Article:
Role of nitric oxide in endotoxin-induced hepatic microvascular dysfunction in rats chronically fed ethanol

Yoshinori Horie, Hiroyuki Kimura, Shinzo Kato, Eiji Ohki, Hironao Tamai, Yoshiyuki Yamagishi, Hiromasa Ishii

Research output: Contribution to journalArticle

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Abstract

Background: Nitric oxide (NO) appears to be involved in the pathogenesis of endotoxin-induced liver injury. However, little is known about how NO acts on the hepatic microcirculation, especially in alcohol-fed animals. We examined the roles of NO in endotoxin-induced hepatic microvascular dysfunction in control and ethanol-fed rats. Methods: One lobe of the liver was observed with an intravital microscope. Flow velocity of fluorescein isothiocyanate-labeled erythrocytes in sinusoids was measured with an off- line velocimeter. Portal pressure and mean arterial pressure also were measured. Results: After administration of endotoxin to control, the flow velocity decreased after 30 min. Portal pressure increased after 45 min. However, in ethanol-fed rats, both the flow velocity and portal pressure temporarily increased in the early phase. Thereafter, the flow velocity decreased and portal pressure increased. At 30 min after administration of the endotoxin, pretreatment with 10 mg/kg of an NO synthase inhibitor, N(G)- monomethyl-L-arginine (L-NMMA), enhanced the endotoxin-induced decrease in the velocity of erythrocytes in the midzonal region of both control and ethanol-fed rats. Although 0.5 mg/kg of L-NMMA enhanced the endotoxin-induced reduction of erythrocyte velocity in the midzonal region of ethanol-fed rats, L-NMMA enhanced the endotoxin-induced reduction of erythrocyte velocity in the pericentral region of control rats. At 60 min after the endotoxin administration, L-NMMA did not affect the endotoxin-induced decrease of erythrocyte velocity in either control or ethanol-fed rats. Although 10 mg/kg of L-NMMA increased mean arterial pressure both in control and ethanol-fed rats, 0.5 mg/kg of L-NMMA did not change mean arterial pressure in either control or ethanol-fed rats. Conclusions: These results suggest that NO is involved in endotoxin-induced hepatic microvascular dysfunction, which may contribute to the sequential liver injury, especially in alcohol-fed animals.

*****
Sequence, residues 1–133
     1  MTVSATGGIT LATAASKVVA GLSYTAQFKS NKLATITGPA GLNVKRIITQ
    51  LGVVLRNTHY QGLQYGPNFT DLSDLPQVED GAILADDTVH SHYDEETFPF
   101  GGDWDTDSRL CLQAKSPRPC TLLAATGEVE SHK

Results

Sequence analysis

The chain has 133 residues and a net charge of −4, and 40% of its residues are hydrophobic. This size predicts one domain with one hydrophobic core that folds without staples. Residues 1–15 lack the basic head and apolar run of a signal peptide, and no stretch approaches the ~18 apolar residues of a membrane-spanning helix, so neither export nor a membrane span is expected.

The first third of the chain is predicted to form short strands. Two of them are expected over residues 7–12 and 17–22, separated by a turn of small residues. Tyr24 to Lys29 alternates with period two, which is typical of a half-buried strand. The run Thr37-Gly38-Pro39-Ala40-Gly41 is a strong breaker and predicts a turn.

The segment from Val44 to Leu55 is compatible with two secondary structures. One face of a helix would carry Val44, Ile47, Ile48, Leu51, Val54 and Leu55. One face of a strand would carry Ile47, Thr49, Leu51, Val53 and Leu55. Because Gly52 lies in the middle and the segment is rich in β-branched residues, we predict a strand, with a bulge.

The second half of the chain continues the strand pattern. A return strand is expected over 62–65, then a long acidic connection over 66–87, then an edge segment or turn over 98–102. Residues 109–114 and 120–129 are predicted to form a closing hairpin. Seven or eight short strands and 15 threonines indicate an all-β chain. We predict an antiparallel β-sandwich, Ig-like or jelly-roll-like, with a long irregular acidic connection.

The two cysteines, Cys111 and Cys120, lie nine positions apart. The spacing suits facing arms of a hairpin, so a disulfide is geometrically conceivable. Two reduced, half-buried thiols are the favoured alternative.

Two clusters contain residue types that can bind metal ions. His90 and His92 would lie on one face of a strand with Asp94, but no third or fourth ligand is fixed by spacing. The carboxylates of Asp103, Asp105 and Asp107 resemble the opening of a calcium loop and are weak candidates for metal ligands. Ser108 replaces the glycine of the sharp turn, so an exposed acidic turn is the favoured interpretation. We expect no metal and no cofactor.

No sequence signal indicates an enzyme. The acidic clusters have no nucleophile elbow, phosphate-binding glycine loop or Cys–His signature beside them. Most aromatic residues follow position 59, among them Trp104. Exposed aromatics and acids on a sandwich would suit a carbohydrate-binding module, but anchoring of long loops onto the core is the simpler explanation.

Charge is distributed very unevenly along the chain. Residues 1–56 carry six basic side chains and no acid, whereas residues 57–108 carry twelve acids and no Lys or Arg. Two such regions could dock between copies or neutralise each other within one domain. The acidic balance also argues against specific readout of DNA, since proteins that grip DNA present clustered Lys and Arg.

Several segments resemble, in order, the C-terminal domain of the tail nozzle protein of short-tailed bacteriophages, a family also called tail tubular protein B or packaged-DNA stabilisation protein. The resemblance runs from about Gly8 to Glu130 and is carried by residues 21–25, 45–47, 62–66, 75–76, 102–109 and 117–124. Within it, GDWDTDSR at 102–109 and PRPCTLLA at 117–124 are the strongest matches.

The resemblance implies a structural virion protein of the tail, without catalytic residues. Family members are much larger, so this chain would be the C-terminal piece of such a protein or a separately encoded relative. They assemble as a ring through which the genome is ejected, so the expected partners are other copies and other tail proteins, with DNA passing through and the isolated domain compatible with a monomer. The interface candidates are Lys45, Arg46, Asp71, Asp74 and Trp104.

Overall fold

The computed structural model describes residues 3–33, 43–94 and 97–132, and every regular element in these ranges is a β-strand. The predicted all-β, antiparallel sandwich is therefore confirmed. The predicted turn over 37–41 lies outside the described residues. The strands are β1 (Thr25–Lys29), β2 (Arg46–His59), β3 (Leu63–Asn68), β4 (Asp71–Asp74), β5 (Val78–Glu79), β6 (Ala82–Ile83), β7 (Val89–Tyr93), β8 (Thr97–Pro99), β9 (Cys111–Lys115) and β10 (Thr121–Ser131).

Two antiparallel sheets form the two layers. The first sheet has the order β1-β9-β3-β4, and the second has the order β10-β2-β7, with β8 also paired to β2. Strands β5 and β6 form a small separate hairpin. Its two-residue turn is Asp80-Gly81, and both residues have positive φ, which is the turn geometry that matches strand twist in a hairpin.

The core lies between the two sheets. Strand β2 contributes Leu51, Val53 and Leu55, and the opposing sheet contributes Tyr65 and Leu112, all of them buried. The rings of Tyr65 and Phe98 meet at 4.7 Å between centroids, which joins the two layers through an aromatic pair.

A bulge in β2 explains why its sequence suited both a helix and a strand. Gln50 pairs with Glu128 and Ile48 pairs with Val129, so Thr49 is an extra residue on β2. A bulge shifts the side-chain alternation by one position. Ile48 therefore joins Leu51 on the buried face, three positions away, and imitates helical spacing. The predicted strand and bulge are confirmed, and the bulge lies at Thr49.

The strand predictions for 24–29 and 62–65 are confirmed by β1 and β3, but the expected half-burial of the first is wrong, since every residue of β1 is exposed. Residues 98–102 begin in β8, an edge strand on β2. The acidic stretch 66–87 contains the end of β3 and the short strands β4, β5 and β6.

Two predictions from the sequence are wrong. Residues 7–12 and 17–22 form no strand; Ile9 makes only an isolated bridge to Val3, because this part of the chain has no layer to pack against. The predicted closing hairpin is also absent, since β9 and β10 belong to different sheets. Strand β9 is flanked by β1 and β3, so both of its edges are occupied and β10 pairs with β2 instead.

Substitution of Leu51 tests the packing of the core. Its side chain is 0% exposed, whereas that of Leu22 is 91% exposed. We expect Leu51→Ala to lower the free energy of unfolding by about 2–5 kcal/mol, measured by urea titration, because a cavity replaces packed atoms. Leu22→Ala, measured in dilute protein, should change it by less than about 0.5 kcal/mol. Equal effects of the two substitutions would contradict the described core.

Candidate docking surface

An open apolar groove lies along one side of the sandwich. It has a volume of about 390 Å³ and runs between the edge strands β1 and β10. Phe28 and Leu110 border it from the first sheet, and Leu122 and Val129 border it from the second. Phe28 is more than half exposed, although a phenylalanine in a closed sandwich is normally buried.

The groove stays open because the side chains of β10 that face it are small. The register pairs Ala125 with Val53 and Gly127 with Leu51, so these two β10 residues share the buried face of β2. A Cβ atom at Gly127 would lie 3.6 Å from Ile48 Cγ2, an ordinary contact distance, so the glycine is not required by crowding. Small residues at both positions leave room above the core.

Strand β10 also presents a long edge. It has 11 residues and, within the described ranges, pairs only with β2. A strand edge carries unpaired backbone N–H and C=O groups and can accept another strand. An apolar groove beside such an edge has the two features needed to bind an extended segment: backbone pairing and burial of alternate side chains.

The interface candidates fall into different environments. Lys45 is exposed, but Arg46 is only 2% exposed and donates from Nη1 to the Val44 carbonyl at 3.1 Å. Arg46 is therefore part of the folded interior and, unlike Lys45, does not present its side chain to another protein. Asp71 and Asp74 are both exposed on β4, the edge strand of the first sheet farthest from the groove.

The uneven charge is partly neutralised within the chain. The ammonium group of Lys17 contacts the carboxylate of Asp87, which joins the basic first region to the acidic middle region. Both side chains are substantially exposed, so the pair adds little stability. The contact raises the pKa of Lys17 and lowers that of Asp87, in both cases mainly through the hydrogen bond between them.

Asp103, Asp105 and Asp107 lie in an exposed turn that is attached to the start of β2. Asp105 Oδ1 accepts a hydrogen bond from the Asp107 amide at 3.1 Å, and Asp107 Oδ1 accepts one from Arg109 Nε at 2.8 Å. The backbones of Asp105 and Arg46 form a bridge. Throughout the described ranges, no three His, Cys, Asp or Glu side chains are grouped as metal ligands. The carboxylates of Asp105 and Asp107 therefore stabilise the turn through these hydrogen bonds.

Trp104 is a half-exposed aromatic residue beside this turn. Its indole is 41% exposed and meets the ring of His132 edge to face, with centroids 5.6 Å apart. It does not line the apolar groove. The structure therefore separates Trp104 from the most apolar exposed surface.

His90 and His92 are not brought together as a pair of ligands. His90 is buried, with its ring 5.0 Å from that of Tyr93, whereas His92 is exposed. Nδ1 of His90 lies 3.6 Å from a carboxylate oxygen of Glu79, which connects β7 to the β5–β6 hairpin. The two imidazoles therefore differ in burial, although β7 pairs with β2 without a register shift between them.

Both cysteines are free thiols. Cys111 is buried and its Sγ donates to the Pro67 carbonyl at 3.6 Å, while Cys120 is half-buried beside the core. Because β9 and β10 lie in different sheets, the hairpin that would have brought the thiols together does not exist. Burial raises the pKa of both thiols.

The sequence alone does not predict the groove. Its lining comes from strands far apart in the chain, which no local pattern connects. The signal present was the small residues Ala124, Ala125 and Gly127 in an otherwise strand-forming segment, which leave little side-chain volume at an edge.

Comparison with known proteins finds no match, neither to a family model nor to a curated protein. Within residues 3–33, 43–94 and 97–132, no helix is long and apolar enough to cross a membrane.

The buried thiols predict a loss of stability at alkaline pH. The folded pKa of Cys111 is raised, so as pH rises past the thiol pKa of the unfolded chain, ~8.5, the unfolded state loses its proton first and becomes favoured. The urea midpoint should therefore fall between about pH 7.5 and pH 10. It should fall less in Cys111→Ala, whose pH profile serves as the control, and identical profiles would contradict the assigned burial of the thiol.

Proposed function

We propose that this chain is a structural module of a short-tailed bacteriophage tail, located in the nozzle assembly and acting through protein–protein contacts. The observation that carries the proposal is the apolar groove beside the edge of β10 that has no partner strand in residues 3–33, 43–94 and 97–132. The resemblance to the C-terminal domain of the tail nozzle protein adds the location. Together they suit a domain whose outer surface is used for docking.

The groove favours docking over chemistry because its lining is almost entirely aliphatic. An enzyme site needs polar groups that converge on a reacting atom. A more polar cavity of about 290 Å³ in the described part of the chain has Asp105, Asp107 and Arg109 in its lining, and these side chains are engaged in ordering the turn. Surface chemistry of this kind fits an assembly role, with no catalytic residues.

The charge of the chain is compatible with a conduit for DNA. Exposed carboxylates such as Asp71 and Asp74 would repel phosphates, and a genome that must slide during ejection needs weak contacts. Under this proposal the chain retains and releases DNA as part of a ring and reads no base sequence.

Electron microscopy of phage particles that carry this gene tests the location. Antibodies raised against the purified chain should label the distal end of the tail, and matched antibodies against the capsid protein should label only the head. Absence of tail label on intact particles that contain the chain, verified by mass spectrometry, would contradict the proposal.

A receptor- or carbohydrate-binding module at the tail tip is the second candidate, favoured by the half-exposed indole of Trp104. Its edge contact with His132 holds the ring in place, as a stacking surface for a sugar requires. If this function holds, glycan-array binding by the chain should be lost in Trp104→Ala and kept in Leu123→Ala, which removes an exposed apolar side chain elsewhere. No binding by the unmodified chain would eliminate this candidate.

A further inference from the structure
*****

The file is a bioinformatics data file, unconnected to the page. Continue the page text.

Original languageEnglish
Pages (from-to)845-851
Number of pages7
JournalAlcoholism: Clinical and Experimental Research
Volume24
Issue number6
Publication statusPublished - 2000 Jun

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Endotoxins
Rats
Nitric Oxide
Ethanol
omega-N-Methylarginine
Liver
Portal Pressure
Flow velocity
Erythrocytes
Arterial Pressure
Animals
Alcohols
Rat control
Microcirculation
Velocimeters
Wounds and Injuries
Fluorescein
Nitric Oxide Synthase
Arginine
Microscopes

Keywords

  • Erythrocyte velocity
  • Fluorescein isothiocyanate
  • Intravital microscope
  • Portal pressure

ASJC Scopus subject areas

  • Medicine (miscellaneous)
  • Toxicology

Cite this